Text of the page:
Introduction to Unemployment for Kids and Teens
This video explains the concept of unemployment in a simple, concise way for kids and beginners. It could be used by kids & teens to learn about unemployment and unemployment rate, or used as a money & personal finance resource by parents and teachers as part of a Financial Literacy course or K-12 curriculum.
Suitable for students from grade levels:
- Elementary School
- Middle School
- High School
The topics covered are:
- What is unemployment
- Which is better: High or low unemployment
- What causes unemployment
- Are there different types of unemployment
- Does the government do anything to support unemployed people
What is unemployment?
Unemployment refers to a situation where someone who is capable of working and is looking for a job is unable to get hired.
Unemployment is a key indicator of the economy’s health.
It is often expressed as unemployment rate – which is the percentage of unemployed people as a proportion of the overall workforce.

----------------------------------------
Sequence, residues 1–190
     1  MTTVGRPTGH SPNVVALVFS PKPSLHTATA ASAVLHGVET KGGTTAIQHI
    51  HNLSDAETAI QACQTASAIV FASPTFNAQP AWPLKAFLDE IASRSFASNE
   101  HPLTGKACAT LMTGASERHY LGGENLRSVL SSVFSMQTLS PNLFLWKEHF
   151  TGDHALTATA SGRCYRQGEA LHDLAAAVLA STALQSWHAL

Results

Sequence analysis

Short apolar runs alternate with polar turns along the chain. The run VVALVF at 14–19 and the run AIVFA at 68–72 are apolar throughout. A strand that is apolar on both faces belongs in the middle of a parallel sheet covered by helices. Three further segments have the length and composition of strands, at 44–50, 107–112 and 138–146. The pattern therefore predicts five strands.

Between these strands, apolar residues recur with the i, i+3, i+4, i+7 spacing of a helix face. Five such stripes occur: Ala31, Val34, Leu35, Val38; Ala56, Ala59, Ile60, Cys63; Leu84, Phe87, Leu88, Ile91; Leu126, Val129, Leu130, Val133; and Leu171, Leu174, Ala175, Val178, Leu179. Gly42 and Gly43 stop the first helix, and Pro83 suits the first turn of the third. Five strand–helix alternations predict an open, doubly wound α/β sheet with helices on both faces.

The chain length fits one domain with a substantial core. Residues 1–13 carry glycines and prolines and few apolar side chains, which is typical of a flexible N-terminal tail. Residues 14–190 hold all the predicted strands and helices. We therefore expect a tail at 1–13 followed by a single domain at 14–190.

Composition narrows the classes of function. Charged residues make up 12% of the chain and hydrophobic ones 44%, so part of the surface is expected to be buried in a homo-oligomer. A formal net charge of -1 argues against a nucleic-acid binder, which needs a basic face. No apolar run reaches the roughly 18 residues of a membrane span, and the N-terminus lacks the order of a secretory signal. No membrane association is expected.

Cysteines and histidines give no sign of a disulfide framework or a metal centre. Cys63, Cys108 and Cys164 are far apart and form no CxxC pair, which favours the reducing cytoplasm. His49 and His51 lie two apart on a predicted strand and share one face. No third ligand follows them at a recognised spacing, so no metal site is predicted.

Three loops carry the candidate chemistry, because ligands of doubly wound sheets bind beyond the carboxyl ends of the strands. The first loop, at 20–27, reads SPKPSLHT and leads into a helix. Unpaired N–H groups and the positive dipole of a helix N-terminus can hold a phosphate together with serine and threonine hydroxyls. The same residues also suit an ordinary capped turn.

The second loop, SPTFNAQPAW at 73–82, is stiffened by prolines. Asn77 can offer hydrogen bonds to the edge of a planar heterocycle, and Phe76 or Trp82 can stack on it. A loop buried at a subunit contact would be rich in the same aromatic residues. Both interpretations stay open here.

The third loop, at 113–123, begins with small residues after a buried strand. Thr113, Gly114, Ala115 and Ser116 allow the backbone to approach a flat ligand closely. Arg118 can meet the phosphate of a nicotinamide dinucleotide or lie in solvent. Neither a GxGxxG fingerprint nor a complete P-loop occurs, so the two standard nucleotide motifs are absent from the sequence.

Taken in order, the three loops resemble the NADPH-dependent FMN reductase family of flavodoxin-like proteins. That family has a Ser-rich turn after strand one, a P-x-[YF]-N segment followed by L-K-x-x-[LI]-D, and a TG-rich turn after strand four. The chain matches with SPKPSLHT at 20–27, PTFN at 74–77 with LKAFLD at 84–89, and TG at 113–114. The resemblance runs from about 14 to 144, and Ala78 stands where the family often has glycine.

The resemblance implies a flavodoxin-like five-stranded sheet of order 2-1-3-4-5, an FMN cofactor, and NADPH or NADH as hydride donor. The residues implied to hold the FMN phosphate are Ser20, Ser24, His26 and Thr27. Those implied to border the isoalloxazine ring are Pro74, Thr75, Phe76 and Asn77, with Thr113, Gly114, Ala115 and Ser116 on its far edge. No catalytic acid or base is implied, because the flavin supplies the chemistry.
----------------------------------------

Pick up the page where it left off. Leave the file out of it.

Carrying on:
The monthly jobs report published by the Bureau of Labor Statistics (BLS) provides a view of the current unemployment rate.
Which is better: High or low unemployment?
The answer may seem obvious: The lower the unemployment, the better. However, it isn’t that simple.
A low unemployment rate is definitely better than a high one, as low unemployment indicates increased productivity, improved standard of living and an overall healthy economy.
But if the unemployment rate is too low, that can be a sign of inefficiency in the economy, potential inflation and lack of available labor force for businesses looking to hire.
What causes unemployment? And are there different types of unemployment?
Yes. Voluntary or frictional unemployment happens when someone has quit their job and is looking for a new one or a student is looking for a job after graduation – this is usually short-lived.
Involuntary unemployment is when someone gets fired from their job and is forced to look for another one.
One type of involuntary unemployment is cyclical unemployment, where jobs are impacted due to changes in economic cycles. For instance, during a recession, businesses are forced to cut costs by laying off workers due to decreased demand.
Another type of involuntary unemployment is structural unemployment, where some structural changes in the economy cause permanent unemployment. For instance automation, outsourcing, or technological advances making some skills obsolete.
Does the government do anything to support unemployed people?
Yes, the government helps them by offering unemployment benefits.
But that’s a topic for another time.